$4,000 $4,000 $5,000 $5,500
50 & Over
$4,500 $5,000 $6,000 $6,500
SIMPLE IRA
Age 2005-2006 2007-2008 2009-2012 2013-2014
Under 50
$10,000 $10,500 $11,500 $12,000
50 & Over
$12,500 $13,000 $14,000 $14,500
Age 2015-2017
Under 50
$12,500
50 & Over
$15,500
2002 Through 2004
California law is the same as federal law. For a SIMPLE IRA,
an elective deferral may be made for up to the amount listed
in the chart below. For a Traditional IRA, the most that can be
contributed is the smaller of:
The amount listed in the chart below or
100% of your compensation.
IRA SIMPLE IRA
Age 2002 - 2004 2002 2003 2004
Under 50
3,000 7,000 8,000
9,000
50 or Older
3,500 7,500 9,000 10,500
1987 Through 2001
California law is the same as federal law. The IRA deduction
is the lesser of $2,000 or 100% of your compensation. For a
SIMPLE IRA, an elective deferral may be made for up to $6,500
for 2001 and $6,000 for 1997 through 2000.
1982 Through 1986
California law was different from federal law. The maximum
federal deduction for an individual was $2,000, and was
available to active participants in qualified or government
retirement plans and to persons who contributed to
tax-sheltered annuities. The California IRA deduction was the
lesser of $1,500 or 15% of compensation with an additional
deduction for a nonworking spouse, for a maximum deduction
of $1,750. An IRA deduction was not allowed if you were an
active participant in a qualified or government retirement plan or
contributed to a tax-sheltered annuity.
Page 6 FTB Pub. 1005 2017
1976 Through 1981
California law was the same as federal law. The IRA
deduction for an individual was the lesser of $1,500 or 15% of
compensation. An IRA deduction was not allowed if you were an
active participant in a qualified or government retirement plan or
contributed to a tax-sheltered annuity.
1975
California law was different from federal law. California did not
allow an IRA deduction. Therefore, income earned in 1975 and
1976 on the 1975 contribution was taxable.
Differences in the amount of IRA deduction you could claim
may have occurred prior to January 1, 1996 if there was a
difference between your federal self-employment income and
your California self-employment income.
Long Form 540NR Filers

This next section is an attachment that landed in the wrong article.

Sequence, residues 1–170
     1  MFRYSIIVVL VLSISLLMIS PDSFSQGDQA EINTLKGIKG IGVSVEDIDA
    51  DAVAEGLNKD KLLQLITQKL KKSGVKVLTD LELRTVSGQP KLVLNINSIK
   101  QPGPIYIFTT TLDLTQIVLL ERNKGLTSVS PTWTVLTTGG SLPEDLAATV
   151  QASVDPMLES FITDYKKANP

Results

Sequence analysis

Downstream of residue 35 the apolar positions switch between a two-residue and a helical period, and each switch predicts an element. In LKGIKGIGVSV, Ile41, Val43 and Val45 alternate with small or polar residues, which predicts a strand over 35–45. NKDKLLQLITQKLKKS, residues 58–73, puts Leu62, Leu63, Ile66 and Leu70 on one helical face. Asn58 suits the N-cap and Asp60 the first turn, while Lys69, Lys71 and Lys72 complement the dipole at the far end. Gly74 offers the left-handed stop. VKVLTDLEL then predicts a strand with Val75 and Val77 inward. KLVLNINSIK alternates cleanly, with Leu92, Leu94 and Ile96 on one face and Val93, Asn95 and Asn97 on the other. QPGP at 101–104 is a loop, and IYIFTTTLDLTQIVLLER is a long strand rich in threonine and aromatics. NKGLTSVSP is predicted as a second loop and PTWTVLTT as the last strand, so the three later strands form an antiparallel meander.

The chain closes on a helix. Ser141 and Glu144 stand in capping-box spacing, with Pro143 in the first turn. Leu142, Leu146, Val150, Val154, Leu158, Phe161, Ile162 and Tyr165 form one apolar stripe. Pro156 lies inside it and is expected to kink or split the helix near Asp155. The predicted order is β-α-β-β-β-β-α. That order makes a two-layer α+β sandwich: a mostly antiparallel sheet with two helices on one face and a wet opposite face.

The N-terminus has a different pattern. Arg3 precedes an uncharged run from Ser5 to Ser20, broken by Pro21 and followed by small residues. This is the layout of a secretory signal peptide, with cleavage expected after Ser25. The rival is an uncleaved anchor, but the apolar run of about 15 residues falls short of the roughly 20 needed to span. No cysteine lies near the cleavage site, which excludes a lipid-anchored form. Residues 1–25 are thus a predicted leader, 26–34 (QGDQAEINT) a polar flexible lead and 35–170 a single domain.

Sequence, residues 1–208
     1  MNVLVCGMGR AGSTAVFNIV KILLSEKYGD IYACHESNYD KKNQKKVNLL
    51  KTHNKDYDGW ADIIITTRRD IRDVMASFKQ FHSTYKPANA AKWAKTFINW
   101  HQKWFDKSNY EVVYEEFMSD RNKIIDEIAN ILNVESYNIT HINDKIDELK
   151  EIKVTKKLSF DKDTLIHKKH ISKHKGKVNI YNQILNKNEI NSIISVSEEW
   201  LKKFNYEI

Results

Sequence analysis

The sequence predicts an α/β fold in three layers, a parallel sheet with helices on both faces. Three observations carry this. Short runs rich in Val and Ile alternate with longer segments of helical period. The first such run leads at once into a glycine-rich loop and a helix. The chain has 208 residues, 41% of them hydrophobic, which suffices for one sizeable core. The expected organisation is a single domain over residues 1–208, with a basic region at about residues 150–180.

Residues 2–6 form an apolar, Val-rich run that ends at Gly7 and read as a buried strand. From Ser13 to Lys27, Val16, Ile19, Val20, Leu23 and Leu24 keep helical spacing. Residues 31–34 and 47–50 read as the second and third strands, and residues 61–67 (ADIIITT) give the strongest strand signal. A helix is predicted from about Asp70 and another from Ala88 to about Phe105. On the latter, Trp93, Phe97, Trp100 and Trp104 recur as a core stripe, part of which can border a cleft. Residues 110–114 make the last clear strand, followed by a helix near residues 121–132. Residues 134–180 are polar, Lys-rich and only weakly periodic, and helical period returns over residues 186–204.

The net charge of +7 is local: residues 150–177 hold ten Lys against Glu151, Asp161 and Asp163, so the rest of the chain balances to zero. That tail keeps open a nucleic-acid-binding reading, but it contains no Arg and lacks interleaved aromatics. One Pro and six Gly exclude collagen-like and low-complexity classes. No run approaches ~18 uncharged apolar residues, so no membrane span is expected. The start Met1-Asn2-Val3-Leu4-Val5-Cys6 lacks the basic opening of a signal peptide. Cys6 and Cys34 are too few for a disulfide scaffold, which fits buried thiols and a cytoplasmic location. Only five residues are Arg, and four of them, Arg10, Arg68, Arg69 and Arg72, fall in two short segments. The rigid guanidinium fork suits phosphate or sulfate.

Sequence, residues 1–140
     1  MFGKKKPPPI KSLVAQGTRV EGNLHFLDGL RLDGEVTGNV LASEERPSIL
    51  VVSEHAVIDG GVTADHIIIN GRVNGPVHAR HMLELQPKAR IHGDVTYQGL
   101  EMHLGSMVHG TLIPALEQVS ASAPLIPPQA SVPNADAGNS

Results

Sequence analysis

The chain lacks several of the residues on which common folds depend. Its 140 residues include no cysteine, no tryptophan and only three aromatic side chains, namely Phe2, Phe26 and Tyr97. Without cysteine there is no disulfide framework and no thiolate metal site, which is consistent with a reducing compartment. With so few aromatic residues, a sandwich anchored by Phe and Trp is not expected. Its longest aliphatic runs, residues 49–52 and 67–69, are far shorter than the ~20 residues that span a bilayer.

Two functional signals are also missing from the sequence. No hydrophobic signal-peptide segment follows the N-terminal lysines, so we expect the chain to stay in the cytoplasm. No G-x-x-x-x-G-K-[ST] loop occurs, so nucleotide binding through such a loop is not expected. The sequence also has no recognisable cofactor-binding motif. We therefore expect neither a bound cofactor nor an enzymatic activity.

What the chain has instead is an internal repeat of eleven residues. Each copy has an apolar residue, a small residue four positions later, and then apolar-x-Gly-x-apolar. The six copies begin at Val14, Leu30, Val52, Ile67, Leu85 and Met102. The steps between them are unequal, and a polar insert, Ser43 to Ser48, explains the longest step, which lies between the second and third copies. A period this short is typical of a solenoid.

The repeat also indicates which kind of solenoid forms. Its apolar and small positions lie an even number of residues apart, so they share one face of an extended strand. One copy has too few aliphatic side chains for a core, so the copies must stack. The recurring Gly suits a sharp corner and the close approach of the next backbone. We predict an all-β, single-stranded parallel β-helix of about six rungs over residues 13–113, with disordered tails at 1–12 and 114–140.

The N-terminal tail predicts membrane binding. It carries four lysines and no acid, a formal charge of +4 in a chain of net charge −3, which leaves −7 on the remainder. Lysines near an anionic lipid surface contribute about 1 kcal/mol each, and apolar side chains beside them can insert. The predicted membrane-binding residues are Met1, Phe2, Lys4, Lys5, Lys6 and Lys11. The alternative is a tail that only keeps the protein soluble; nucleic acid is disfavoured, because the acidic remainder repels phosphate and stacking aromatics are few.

If you file Long Form 540NR, your IRA deduction on
Schedule CA (540NR), line 32, column E, is limited to the lesser
of:
The IRA deduction allowed on your federal tax return.
The compensation reported on your Schedule CA (540NR),
column E.
Example:
You are a nonresident of California who is under
50 years of age. During the year, you worked temporarily in
California. Your California compensation is $1,000, which you
reported on Schedule CA (540NR), column E. Your federal
compensation is $10,000. Your allowable IRA deduction on your
federal tax return is $5,500.
Determination: Your allowable California IRA deduction that
you report on Schedule CA (540NR), column E, is $1,000.
This is the lesser of (1) the $5,500 IRA deduction allowed on
your federal tax return, or (2) the $1,000 of compensation you
reported on Schedule CA (540NR), column E.
IRA Distribution
Residents of California
Your IRA distribution is fully taxable if your IRA contributions
were fully deductible. If your IRA contributions were partially or
fully nondeductible, then the nondeductible contributions are not
taxed when they are distributed to you. Your basis is the amount
of your nondeductible contributions. How you recover your basis
depends on when your nondeductible contributions were made.
Nondeductible Contributions Made After 1986
If you made nondeductible contributions after 1986, a part of
each distribution is considered a return of your basis and is not
taxable. The California taxable amount will generally be the same
as the federal taxable amount, and you should not make an
adjustment to your federal AGI on Schedule CA (540 or 540NR).
However, if you elected to treat a contribution differently for
federal purposes than for California purposes, the taxable
amounts will differ. Compute the California taxable amount
using the instructions for federal Form 8606, Nondeductible
IRAs. When making this computation, for the recovery of
nondeductible contributions made after 1987, make sure you
do not include nondeductible contributions made before 1987.
The nondeductible contributions made before 1987 will be
recovered as explained in the following paragraph.
Compute the adjustment to federal AGI by comparing your
federal taxable amount with the California taxable amount.
If the federal amount is more than the California amount,
enter the difference on Schedule CA (540 or 540NR),
line 15b, column B.
If the federal amount is less than the California amount, enter
the difference on Schedule CA (540 or 540NR), line 15b,
column C.
Nondeductible Contributions Made Before 1987
If you made nondeductible contributions before 1987, none
of your distribution is taxed until you have recovered your
pre-1987 basis. Because there was a difference between
federal and California contribution limits before 1987, there may
be a difference in the California and federal taxable amounts.
If there is a difference, make an adjustment to reduce your
federal AGI to the correct taxable amount for California.
Your adjustment is the lesser of your pre-1987 California basis
or IRA distribution included in federal AGI.
Use Worksheet I — Part A on page 13 to compute your
pre-1987 California basis. Use Worksheet I — Part B to
compute your adjustment to federal AGI and your remaining
pre-1987 California basis. See Example 1 and Example 2 on
page 7. Use Worksheet II on page 13, as a summary of your
California basis and its recovery.
If you have more than one IRA account, combine all your IRAs
to complete the worksheet. If both you and your spouse/RDP
have IRAs, you each must complete a separate worksheet
based on your own IRA contributions, deductions, and
distributions.
Nonresidents of California
Change of Residency
From resident to nonresident
For IRA distributions received while you were a California